Media slush fund won’t save government journalists from unemployment

Declining advertising revenue during the COVID-19 pandemic led to newspaper closures and the loss of 2,500 jobs. News Media Canada is currently discussing the possibility of extending and doubling the $595 million rebate.

Media slush fund won’t save government journalists from unemployment
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Even if the government media party extends and doubles their funding beyond next March, it is unlikely to result in a net job creation or be a worthwhile investment.

A Heritage Canada memo confirmed that taxpayer subsidies will not save money-losing news media, reported Blacklock’s Reporter.

“At least one third of Canadian journalism jobs have disappeared since 2010,” said the May 17 memo The Online News Act. “Between 2008 and February 1, 2023 a total of 470 local news operations closed in 335 communities across Canada.”

“Between the same period 210 new news outlets launched,” it continued. “The government supports journalism in several ways but supports alone cannot redress the structural decline of the current business model.”

In 2019, parliament approved a $595 million bailout fund for the media, with a decision on its renewal expected before March 31. 

According to News Media Canada, a newspaper lobby, an extension and doubling of the “temporary” annual rebate is in talks, reported Blacklock’s Reporter.

News Media Canada, who successfully lobbied Parliament for the media slush fund four years ago, has asked that rebates increase from $13,750 to $29,750 annually.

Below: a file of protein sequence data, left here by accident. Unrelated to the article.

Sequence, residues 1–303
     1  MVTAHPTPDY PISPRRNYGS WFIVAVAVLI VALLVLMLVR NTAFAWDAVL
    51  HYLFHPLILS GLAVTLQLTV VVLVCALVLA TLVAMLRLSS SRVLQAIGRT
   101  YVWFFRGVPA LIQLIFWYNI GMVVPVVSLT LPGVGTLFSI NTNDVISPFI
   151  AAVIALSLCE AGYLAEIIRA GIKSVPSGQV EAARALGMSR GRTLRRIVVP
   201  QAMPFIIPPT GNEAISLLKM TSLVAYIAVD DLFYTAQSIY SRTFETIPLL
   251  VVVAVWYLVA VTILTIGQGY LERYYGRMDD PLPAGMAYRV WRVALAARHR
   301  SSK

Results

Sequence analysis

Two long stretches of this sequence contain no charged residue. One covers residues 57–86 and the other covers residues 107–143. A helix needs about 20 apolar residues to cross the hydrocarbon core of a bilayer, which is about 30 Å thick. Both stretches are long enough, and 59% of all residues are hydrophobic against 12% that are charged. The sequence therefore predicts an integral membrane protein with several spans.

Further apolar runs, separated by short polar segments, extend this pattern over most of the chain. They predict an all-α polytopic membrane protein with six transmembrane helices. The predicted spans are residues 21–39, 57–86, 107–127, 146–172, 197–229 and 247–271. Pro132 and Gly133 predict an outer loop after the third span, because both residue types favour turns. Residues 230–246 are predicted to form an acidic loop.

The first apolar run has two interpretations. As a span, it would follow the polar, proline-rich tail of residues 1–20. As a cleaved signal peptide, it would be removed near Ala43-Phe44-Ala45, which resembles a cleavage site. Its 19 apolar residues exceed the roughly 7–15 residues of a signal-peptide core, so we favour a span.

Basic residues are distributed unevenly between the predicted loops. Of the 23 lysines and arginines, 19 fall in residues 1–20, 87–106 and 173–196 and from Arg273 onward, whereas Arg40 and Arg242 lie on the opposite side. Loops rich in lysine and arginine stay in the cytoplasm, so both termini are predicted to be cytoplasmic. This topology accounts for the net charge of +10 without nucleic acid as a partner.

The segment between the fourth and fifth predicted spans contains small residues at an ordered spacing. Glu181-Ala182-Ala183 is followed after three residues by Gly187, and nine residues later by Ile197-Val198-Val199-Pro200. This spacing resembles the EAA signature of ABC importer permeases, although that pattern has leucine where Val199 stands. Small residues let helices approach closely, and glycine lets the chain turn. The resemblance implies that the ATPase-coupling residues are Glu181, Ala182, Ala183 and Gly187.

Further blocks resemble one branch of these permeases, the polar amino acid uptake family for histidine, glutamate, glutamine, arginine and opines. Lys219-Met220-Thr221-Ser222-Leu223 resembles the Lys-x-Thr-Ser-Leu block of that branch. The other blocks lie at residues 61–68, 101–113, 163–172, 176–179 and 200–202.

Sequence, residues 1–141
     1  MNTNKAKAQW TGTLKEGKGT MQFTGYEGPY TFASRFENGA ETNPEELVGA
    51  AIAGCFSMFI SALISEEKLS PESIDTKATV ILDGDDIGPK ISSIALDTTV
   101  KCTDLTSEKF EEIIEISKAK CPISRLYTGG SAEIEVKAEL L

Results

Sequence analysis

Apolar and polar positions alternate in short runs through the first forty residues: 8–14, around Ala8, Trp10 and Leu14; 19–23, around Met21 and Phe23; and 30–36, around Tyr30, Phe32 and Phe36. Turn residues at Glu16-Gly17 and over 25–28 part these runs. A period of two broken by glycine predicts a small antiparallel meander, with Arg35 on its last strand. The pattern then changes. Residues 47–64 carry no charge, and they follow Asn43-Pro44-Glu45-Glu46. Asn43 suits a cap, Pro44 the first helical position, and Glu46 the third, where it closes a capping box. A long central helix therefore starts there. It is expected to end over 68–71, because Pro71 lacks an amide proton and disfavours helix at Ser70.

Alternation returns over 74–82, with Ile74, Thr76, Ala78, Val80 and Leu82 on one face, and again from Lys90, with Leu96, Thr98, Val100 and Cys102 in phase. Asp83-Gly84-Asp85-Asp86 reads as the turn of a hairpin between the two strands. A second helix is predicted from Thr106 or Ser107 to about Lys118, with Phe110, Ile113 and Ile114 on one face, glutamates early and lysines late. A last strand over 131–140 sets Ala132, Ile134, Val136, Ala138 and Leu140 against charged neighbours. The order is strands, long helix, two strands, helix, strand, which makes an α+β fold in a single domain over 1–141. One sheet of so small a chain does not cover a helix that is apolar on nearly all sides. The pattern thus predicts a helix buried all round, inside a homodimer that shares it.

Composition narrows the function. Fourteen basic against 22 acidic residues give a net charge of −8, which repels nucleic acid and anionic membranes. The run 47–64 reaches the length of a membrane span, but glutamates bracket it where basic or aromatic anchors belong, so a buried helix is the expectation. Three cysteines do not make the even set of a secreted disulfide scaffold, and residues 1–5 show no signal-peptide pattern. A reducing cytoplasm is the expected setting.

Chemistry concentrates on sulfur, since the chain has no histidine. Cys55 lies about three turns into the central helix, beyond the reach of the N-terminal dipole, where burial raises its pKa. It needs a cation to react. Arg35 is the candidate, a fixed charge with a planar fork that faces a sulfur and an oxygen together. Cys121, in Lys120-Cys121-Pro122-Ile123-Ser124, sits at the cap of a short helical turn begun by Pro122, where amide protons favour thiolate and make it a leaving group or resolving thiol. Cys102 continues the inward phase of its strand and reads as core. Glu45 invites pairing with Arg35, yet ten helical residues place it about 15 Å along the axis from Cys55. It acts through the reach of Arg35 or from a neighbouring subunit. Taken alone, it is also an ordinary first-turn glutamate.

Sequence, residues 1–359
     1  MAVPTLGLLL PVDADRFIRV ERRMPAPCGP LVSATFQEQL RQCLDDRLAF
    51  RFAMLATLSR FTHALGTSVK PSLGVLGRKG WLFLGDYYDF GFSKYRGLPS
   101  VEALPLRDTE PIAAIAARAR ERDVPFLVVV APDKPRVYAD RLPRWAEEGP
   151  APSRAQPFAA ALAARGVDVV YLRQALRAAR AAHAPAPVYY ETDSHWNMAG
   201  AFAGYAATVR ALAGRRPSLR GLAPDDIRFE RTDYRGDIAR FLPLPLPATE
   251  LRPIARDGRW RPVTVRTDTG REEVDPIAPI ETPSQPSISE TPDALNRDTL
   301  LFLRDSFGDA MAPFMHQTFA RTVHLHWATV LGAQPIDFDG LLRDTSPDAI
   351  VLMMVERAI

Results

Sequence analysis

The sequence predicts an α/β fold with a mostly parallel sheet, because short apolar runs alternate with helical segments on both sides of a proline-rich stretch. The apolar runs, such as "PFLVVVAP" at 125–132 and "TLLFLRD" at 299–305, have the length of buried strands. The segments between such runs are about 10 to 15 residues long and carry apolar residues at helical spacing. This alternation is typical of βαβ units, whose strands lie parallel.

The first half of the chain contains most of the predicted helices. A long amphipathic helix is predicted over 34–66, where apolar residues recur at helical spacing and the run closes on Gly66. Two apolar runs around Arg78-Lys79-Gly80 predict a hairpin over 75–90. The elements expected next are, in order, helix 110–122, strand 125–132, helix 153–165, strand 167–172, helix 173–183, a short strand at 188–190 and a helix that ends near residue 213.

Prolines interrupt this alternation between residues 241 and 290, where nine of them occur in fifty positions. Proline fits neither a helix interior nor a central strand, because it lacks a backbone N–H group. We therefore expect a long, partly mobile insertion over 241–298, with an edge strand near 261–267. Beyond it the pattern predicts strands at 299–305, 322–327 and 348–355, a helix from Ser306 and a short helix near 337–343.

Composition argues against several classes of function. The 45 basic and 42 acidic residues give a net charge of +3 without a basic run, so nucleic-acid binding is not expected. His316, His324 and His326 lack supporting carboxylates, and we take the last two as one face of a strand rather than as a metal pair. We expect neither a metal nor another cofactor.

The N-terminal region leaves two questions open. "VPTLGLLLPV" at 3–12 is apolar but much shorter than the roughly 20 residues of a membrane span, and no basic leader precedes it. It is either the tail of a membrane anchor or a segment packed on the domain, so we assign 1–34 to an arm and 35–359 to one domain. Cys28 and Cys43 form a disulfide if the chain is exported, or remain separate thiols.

“The financial situation for most news publishers is extremely challenging,” Paul Deegan, CEO of News Media Canada, wrote the Commons finance committee. “It will remain so for many in the short to medium term.”

The rebate must increase to 35% on a higher pay calculation to a maximum $29,750, he wrote MPs.

As part of the negotiations to extend the rebates, Deegan said Parliament must reward ‘cabinet-favoured publishers’ with advertiser tax credits and “earmark 25 percent of the Government of Canada’s domestic advertising spend towards trusted news sources.”

According to the most recent data, federal advertising totalled $140.7 million a year. And of that total, only $6.5 million went to newspapers.  

According to Blacklock’s Reporter, a 25% quota would raise media advertising sixfold to $35.2 million a year.

Deegan reiterated in a May 30 testimony at the Senate transport and communications committee that publishers need the government.

“We have a market failure here,” he said. “We do need them.”

However, taxpayer-subsidized media has not created any net jobs since 2019, admits the heritage department. 

According to a 2021 briefing note Improving Federal Support For Journalism, the decline in advertising revenues during the COVID pandemic forced newspaper closures, costing more than 2,500 jobs. 

While subsidies created 342 jobs for journalists, those hires had their wages subsidized fully under a $50 million Local Journalism Initiative. 

Publishers have also asked the federal government to extend the Local Journalism rebate, reported Blacklock’s Reporter.

However, Bob Cox, then-chair of News Media Canada, testified in 2019 to the Commons finance committee, stating he considered the bailout fund “a transitional program” that provided media “temporary help.”

“The program itself is envisioned to be for five years and I felt that was an appropriate period of time for the transition because of course there will be news outlets, newspapers, that fail the transition, and you can’t give them forever,” said Cox. 

“We will have to save ourselves,” he added.

Other critics, including a former Toronto Star foreign editor, called the program “corrosive” and “ill-conceived.”

“Direct aid to people who report the news, that’s dangerous,” testified John Miller, professor emeritus at Ryerson University, at the 2019 hearings for the Senate finance committee. 

“This constitutes one of the gravest threats to freedom of the press that I have seen in this country,” he claimed.

“If I’m a reporter and I’m on to a story about some scandal in government and for various reasons it’s not there and I back off, and one of my readers finds out about that, how am I going to defend myself when the reader says, ‘Oh, that’s because you get money from government’?” asked Miller.

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